Victorian Pencil,19th Century, Propelling mechanism, Victorian Chatelaine, Unmarked, Sterling Silver with engine-turned wave lined pattern.
Thin diameter pencil, Length: 11.2 cm
Victorian Lead Designations
Many old pencil makers such as Mordan, Baker and others and especially in England and Europe used a letter designation to indicate the diameter of the lead used. There was no standard for this, so it's always best to try and spec out your lead diameter with an electronic micrometer or calliper.
AM = 1.5mm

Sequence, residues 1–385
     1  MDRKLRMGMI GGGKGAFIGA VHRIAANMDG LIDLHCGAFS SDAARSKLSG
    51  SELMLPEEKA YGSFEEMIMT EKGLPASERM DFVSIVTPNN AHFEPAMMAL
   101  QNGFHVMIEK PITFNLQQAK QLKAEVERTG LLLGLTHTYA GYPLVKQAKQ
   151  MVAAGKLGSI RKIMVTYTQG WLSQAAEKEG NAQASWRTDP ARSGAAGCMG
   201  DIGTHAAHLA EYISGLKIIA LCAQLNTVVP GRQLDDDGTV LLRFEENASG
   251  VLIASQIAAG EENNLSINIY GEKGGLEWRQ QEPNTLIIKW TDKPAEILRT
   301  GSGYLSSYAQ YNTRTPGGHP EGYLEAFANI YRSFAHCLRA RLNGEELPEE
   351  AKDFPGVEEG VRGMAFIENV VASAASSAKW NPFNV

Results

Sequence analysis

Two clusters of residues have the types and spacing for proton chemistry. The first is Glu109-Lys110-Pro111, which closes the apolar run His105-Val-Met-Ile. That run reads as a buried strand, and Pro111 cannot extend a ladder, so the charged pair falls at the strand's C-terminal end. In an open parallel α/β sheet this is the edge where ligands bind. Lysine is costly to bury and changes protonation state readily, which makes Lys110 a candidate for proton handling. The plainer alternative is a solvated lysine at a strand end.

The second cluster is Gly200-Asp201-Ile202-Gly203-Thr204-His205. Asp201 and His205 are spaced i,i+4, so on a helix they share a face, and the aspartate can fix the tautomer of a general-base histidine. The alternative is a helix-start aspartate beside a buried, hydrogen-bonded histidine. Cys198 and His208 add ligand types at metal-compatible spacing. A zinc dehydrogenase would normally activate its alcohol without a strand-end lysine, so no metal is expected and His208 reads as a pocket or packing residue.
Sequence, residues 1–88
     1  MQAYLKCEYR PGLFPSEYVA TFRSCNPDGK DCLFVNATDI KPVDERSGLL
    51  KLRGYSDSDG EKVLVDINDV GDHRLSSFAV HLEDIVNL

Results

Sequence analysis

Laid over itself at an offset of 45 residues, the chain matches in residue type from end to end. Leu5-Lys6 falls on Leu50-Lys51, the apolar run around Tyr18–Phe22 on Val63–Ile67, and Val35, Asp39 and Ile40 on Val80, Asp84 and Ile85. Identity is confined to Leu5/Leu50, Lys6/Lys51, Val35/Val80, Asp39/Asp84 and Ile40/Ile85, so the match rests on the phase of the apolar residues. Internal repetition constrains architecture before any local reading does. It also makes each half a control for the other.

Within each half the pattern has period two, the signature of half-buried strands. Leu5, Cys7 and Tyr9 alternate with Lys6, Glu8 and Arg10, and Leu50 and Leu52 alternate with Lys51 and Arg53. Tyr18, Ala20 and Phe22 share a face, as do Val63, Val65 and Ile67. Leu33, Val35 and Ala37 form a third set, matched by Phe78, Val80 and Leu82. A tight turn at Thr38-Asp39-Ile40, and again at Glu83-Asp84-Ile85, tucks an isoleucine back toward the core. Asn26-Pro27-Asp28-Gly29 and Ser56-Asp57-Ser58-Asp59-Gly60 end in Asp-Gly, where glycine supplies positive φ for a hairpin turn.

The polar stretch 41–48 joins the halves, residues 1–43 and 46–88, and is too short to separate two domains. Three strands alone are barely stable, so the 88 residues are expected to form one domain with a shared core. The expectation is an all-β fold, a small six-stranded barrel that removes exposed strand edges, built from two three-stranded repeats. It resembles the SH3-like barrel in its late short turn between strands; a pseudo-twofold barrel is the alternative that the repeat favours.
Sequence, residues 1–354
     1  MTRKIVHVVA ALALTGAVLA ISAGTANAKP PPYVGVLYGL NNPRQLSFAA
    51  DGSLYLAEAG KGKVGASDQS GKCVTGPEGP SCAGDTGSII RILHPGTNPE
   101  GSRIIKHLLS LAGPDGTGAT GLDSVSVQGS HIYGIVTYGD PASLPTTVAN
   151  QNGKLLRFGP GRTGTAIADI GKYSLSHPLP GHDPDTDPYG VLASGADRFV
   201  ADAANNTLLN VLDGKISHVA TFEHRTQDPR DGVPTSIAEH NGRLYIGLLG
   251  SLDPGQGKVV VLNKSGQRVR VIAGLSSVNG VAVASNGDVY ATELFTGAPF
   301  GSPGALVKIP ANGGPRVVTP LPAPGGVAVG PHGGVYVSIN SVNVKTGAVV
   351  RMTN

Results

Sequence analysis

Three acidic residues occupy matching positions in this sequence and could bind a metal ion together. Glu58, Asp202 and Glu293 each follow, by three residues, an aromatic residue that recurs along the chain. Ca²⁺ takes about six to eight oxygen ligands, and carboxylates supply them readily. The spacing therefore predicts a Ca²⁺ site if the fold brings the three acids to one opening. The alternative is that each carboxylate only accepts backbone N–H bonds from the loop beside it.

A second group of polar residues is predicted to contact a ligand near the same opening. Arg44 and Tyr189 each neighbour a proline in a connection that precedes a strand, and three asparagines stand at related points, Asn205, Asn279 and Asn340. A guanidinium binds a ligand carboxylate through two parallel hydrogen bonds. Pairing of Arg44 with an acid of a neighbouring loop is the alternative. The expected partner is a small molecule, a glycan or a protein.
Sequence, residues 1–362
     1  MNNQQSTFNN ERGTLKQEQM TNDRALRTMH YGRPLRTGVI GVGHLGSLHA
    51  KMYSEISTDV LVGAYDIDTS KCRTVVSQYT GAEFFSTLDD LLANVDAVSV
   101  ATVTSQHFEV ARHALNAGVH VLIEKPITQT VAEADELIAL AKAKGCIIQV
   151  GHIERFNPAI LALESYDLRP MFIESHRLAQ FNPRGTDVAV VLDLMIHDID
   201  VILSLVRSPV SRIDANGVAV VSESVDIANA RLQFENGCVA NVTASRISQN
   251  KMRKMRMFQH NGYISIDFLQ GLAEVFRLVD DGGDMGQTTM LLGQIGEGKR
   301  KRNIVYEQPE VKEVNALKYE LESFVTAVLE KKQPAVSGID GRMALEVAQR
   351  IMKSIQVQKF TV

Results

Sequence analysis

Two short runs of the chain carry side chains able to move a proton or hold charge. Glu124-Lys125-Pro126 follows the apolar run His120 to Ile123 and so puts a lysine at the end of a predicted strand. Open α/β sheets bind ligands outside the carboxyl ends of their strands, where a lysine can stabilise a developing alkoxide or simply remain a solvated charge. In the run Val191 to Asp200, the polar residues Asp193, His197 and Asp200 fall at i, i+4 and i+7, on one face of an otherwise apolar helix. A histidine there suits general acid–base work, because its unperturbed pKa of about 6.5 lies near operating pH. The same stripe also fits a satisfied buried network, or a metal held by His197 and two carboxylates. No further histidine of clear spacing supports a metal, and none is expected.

H = 0.80mm
M = 1.0mm
VS = 1.5mm
W = 2.0mm
Lead diameter 1.1mm
The earliest pencils, such as the Mordans, are simple, propelling pencils. The lead is manually pushed down a tube of matching diameter and is friction fit. A small rod inside pushes the lead forward, as needed, usually with a twist action mechanism. When done writing, the user twists the mechanism in reverse, and manually pushes the lead back down into its socket.
Some of these pencils are simple, some are fancy. With lead-storage compartments, erasers hidden inside the finial, or even finial-mounted engraved jewels, there was something for every income level. But until the early 20th century, they were generally all just plain, propelling pencils.